Columbia Library columns (v.2(1952Nov-1953May))

(New York :  Friends of the Columbia Libraries.  )



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  v.2,no.2(1953:Feb): Page 2  

History in the Deep-Freeze
The Story of Columbia's Oral History Project



/" If ^ HE acquisition of hundreds of tape-recorded memoirs
from many outstanding national and international leaders,
each volume bound and sealed until the date set for re¬
lease by the donor, have transformed part of Columbia University
Library into a "deep-freeze" of current American history.

This is the work of the Oral History Research Office under the
Direction of Professor Allan Nevins.

Born of a sincere attempt to answer the all-important, elusive
historical "Why?," the project has combined the best of time-
tested interviewing technique with modern electronic recording
equipment to amass for future scholars a fabulous wealth of hither¬
to untapped source material. Complete autobiographies of the
great, the famous, and the prime-movers with a passion for ano¬
nymity will be available for historians of tomorrow—memoirs
which will bring into single focus the memory of a participant, the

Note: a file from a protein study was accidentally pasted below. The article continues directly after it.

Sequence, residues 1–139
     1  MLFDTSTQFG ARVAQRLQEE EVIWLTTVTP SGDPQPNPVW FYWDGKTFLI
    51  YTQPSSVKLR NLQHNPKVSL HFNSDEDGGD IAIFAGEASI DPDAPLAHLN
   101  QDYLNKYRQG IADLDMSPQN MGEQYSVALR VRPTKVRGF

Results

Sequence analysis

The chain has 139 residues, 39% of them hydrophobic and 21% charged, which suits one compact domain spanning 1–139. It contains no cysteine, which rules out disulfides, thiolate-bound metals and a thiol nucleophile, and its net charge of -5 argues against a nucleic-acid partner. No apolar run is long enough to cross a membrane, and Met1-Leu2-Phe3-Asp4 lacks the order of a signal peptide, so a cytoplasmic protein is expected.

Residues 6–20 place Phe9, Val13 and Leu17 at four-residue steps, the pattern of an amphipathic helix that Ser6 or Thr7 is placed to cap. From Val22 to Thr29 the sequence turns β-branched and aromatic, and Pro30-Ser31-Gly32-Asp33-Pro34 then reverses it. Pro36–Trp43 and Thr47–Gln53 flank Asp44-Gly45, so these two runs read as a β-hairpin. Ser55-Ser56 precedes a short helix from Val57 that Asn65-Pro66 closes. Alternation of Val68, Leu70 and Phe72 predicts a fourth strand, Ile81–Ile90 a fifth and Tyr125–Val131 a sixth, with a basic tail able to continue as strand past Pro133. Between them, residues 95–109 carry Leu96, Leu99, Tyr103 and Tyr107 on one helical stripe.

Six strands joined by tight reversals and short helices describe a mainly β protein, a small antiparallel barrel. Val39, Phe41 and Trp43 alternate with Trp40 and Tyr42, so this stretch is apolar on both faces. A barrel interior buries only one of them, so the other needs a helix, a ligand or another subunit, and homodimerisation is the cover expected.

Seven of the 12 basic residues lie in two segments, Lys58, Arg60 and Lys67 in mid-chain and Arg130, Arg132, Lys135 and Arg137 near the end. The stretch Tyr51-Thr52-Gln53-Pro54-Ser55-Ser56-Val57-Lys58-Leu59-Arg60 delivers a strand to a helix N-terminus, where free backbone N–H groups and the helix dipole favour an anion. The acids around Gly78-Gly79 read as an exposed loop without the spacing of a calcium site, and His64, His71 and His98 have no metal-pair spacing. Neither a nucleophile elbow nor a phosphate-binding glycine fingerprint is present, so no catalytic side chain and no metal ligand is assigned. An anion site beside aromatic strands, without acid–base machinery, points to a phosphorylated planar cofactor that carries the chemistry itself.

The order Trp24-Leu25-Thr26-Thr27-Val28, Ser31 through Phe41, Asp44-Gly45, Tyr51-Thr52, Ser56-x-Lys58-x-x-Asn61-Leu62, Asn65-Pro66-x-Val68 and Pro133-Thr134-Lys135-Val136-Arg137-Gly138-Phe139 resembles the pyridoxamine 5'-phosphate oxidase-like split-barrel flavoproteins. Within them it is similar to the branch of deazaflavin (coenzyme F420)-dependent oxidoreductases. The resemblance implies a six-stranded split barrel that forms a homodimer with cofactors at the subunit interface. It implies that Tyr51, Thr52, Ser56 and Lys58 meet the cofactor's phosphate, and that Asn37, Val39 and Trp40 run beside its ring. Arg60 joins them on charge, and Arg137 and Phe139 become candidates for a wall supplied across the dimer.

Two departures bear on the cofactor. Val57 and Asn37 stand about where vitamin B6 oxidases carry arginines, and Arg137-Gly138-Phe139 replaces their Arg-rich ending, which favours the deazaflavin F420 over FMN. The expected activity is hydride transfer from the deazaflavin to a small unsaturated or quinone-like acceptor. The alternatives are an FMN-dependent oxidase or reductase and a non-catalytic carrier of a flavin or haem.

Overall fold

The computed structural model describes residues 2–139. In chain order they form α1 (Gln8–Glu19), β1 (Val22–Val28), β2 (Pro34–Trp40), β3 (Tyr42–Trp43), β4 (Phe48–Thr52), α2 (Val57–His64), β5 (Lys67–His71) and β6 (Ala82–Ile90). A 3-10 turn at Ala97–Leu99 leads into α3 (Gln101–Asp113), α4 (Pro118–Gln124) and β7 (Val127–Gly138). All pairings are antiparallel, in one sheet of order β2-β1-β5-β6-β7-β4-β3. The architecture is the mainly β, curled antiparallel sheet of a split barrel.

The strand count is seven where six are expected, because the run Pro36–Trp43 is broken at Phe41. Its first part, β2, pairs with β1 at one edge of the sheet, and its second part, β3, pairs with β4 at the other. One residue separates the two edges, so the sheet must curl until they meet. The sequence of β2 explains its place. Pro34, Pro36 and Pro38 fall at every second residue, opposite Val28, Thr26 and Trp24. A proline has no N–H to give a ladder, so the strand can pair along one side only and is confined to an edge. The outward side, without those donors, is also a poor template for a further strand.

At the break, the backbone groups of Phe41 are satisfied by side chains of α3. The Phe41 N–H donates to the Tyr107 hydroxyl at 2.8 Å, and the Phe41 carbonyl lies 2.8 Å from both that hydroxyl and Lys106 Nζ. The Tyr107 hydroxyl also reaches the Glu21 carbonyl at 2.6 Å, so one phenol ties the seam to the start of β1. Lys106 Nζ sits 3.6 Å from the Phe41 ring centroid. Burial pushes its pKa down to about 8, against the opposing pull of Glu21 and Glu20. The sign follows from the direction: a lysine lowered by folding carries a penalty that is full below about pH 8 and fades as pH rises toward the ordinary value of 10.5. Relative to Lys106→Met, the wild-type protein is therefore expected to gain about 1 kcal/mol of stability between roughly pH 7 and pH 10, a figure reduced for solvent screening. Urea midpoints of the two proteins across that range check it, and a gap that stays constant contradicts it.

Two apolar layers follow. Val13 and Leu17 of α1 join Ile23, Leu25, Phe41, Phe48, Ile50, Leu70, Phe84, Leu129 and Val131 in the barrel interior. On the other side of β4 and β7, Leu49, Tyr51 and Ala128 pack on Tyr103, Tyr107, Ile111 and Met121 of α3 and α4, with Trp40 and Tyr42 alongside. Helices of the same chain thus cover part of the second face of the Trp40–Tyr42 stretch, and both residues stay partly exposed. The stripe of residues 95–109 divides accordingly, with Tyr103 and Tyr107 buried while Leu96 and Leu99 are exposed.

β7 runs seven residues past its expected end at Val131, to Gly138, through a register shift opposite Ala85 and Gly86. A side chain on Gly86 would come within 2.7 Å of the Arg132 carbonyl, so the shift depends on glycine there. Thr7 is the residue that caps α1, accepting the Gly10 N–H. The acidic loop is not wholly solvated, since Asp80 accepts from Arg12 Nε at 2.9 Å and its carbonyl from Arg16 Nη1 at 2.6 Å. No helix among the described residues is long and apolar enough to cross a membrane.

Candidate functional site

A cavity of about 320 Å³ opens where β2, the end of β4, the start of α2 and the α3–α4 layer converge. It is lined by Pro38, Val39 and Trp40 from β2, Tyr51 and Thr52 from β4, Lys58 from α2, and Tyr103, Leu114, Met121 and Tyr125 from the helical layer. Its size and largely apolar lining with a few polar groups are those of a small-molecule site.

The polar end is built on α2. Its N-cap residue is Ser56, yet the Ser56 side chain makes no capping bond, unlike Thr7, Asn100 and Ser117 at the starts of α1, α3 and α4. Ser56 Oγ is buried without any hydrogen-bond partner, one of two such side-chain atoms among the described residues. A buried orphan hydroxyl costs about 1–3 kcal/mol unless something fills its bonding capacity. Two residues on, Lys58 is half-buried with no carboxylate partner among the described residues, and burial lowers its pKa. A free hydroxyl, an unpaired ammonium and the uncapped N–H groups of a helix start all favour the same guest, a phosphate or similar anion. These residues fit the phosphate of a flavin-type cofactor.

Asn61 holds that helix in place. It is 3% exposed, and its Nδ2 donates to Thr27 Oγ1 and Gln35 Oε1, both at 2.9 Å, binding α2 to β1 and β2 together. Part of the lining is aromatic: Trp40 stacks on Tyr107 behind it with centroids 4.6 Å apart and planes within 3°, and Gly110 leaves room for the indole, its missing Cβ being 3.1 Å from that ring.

critical questioning of a trained historian, and the documentation
of personal written and printed records. Frozen from the tempting
sensationalism of the present, the life story of our times told in
candid detail by the makers of modern history themselves will be
thawed in the future light of scholarly research.

Oral History, long a dream in the mind of Professor Nevins,
came into being in the fall of 1948 when he discovered that one of
his advanced graduate students had interviewing experience. With
a three-thousand-dollar grant from Columbia University's Ban¬
croft Fund to finance an Oral History Experiment, Professor
Nevins set program and poUcy, and assigned Mr. Dean Albertson
the task of recording the reminiscences of prominent citizens who
  v.2,no.2(1953:Feb): Page 2